With storage space being a much-needed commodity in many homes, a recessed medicine cabinet offers an ideal solution for even the tiniest bathroom. Installation is not as difficult as it may seem, even if you've never attempted any wall modifications. As with any project that involves cutting holes in a wall, it's crucial to determine where studs, pipes and wiring are located as you lay out the location for the cabinet.
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Wall Studs and the Installation Location
While the medicine cabinet goes directly above the bathroom sink in many bathrooms, that's not always the case. No matter which wall will house the cabinet, you'll need to locate the nearby studs, as some of the framework you'll need to support the cabinet involves the studs. The studs are 16 inches apart center to center in most homes, although they may be 24 inches apart in some scenarios.
Use a stud finder to locate the studs on the project wall. If you don't have a stud finder, measure 16 inches out from one of the walls for a probable stud location or stand near the wall and shine a flashlight to look for drywall seams. The seams always join over a stud. Electrical boxes are also usually attached to studs, so any place you find an outlet or light switch likely has a stud on one side or the other.
If you're planning to install the recessed medicine cabinet above the sink, Kohler recommends choosing a cabinet that offers 3 inches of space between the bottom of the vanity light fixture and the top of the cabinet and another 3 inches between the bottom of the cabinet and the top of the faucet. This ensures plenty of clearance for opening and closing the cabinet door. Also note which way the door opens if your bathroom has an adjacent wall nearby. Some cabinets can be installed so the door opens either from the right or left, which may come in handy in tight situations.
Creating a Test Hole for the Medicine Cabinet
Once you've determined the ideal cabinet location and have marked the nearby studs, trace the recessed portion of the medicine cabinet frame on the wall in pencil or with painters' tape while a helper holds the cabinet up against the wall with a level atop the cabinet to ensure it is level. Set the cabinet well out of the way or even in another room.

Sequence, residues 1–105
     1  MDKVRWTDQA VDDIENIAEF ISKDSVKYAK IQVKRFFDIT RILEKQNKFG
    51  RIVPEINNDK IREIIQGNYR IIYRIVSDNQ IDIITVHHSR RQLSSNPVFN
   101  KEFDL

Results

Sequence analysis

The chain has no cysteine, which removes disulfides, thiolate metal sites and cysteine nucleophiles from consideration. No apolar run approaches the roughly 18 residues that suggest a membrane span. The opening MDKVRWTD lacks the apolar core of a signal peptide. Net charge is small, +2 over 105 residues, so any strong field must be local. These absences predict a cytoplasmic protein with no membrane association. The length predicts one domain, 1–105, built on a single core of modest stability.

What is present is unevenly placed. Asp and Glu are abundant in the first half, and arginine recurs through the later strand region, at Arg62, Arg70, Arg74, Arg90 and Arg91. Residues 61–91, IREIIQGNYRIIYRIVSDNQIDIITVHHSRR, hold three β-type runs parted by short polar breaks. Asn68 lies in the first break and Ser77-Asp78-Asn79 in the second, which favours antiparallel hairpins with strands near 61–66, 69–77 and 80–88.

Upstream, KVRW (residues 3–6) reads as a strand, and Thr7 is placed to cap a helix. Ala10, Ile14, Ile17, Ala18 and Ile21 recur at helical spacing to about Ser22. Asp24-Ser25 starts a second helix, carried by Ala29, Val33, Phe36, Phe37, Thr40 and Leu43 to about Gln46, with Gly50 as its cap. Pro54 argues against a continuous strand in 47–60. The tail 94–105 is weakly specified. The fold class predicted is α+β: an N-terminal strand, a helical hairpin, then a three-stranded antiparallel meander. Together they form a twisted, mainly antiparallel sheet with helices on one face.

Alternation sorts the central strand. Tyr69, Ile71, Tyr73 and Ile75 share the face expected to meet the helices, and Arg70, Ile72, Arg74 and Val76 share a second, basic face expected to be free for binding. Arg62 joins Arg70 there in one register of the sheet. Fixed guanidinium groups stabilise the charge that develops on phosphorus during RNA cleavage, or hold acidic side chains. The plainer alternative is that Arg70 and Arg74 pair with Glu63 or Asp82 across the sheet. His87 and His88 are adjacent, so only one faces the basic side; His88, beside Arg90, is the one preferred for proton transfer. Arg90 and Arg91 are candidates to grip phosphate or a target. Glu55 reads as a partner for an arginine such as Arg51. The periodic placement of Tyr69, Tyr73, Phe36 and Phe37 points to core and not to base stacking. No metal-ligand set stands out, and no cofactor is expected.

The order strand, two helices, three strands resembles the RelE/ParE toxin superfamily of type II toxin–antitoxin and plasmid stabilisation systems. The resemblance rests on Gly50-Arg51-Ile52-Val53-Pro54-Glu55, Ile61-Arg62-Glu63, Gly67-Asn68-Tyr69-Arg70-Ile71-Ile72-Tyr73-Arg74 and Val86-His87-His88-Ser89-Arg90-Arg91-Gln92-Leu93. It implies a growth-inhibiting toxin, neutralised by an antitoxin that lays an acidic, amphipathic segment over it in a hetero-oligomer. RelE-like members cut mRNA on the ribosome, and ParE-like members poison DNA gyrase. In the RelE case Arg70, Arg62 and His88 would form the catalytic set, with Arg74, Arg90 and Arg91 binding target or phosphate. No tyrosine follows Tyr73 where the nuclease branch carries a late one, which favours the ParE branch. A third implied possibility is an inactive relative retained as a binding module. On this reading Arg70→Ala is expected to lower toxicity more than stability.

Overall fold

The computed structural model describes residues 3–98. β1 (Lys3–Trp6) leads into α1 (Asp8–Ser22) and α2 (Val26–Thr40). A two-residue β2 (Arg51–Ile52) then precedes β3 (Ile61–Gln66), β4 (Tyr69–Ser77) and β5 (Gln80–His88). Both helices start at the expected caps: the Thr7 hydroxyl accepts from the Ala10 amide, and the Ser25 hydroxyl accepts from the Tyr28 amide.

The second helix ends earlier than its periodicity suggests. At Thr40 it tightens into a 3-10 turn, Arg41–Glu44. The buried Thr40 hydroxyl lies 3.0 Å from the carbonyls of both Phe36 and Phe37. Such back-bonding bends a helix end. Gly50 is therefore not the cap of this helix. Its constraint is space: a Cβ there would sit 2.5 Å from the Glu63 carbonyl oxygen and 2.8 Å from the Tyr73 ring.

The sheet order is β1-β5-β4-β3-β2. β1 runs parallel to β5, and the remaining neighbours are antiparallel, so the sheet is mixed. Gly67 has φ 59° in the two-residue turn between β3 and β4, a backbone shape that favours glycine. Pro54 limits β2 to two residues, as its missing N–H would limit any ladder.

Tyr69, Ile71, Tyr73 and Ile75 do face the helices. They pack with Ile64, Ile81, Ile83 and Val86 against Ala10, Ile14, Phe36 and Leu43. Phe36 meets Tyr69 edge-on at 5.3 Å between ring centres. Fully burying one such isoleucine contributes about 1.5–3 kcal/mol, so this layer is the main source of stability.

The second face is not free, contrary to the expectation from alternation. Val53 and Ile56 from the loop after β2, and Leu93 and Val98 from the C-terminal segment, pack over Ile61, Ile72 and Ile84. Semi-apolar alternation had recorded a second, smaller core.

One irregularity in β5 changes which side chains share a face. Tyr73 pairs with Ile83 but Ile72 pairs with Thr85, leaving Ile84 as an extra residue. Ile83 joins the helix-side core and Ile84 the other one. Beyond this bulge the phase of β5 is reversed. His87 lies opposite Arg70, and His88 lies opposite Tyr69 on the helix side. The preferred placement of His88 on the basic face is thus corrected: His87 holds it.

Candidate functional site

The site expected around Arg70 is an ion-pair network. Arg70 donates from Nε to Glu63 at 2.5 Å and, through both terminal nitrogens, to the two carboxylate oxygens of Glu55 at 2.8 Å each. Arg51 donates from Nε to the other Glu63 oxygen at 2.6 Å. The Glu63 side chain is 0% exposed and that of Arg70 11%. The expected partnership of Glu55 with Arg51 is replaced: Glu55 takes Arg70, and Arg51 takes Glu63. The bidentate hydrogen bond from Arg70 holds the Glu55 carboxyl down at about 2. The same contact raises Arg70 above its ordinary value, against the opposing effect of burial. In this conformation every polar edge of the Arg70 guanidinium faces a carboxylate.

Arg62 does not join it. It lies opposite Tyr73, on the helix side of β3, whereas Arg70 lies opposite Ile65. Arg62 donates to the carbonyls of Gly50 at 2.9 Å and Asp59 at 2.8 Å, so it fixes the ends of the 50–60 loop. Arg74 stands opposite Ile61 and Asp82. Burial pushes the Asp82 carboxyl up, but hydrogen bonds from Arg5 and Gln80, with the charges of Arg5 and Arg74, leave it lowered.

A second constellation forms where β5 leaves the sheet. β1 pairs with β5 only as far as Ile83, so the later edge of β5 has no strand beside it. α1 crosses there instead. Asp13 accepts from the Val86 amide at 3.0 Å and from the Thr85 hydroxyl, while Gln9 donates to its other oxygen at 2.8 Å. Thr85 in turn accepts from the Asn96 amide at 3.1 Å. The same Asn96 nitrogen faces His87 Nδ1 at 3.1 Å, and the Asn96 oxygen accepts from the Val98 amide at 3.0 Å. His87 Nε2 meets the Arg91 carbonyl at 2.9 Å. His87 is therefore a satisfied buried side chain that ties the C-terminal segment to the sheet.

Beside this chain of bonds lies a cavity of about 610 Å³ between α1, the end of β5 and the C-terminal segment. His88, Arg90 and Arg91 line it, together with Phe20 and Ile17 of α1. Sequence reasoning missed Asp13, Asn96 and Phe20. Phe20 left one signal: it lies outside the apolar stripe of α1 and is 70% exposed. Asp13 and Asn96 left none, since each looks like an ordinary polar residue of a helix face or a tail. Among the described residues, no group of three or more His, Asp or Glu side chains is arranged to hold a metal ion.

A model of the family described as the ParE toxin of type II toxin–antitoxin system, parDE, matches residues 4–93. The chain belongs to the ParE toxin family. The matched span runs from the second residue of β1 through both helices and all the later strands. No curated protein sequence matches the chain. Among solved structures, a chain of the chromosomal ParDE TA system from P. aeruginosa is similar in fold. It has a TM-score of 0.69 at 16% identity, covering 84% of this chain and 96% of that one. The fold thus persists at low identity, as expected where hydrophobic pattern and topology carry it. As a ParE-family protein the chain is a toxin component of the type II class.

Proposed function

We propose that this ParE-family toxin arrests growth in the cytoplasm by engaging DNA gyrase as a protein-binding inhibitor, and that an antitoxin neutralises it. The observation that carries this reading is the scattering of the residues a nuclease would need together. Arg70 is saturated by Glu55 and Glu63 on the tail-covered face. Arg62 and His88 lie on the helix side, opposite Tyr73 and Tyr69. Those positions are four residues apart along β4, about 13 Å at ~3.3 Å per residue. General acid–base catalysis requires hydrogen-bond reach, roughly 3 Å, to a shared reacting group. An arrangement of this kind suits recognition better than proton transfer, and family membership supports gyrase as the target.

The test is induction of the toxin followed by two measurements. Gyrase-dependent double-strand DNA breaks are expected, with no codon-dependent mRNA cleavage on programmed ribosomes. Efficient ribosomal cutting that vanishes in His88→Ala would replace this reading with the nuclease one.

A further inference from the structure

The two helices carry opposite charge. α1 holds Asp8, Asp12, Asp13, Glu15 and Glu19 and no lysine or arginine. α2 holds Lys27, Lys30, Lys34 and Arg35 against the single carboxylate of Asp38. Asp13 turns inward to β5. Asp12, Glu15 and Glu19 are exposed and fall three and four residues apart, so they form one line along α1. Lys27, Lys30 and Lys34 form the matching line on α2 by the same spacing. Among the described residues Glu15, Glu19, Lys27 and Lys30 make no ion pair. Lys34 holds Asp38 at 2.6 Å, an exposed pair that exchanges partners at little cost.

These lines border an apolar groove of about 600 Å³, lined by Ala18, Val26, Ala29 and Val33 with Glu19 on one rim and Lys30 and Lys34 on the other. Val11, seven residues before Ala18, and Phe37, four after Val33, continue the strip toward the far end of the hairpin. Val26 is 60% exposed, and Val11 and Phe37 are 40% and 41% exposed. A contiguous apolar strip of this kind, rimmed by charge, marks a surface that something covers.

To find out whether any pipes or wires are in the wall where the cabinet belongs, you'll have to look inside the wall. If there's a plumbing access panel below your work area, this could prove helpful if you have a clear view inside the wall looking upward. If you can't see the entire area slated for the medicine cabinet, you'll have to cut test holes to investigate.
Cut one or two 4-inch square test holes with a keyhole saw within the area marked for the recessed medicine cabinet. The hole size doesn't have to be exact, but it should be large enough to offer a good look inside. If there's a stud somewhere near the middle of the proposed location, you'll need one hole on either side of the stud. If the nearest stud is closer to an edge of the cabinet outline, then one hole may suffice.
Look into the hole(s) with a flashlight, shining the light in all directions. Look for wires, vent ducts or plumbing. You may be able to reroute wires a little, but large obstructions such as a vent are best left intact. If you run into such a situation, consider a surface-mount medicine cabinet instead or choose another location for a recessed cabinet.